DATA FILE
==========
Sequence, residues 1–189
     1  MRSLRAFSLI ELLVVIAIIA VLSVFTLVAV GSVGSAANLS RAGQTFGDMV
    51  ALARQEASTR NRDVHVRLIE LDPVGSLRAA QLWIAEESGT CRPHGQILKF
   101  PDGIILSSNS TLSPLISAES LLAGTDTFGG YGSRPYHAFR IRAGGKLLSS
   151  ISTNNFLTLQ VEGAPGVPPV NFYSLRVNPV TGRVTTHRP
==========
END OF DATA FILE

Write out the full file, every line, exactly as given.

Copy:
Sequence, residues 1–189
     1  MRSLRAFSLI ELLVVIAIIA VLSVFTLVAV GSVGSAANLS RAGQTFGDMV
    51  ALARQEASTR NRDVHVRLIE LDPVGSLRAA QLWIAEESGT CRPHGQILKF
   101  PDGIILSSNS TLSPLISAES LLAGTDTFGG YGSRPYHAFR IRAGGKLLSS
   151  ISTNNFLTLQ VEGAPGVPPV NFYSLRVNPV TGRVTTHRP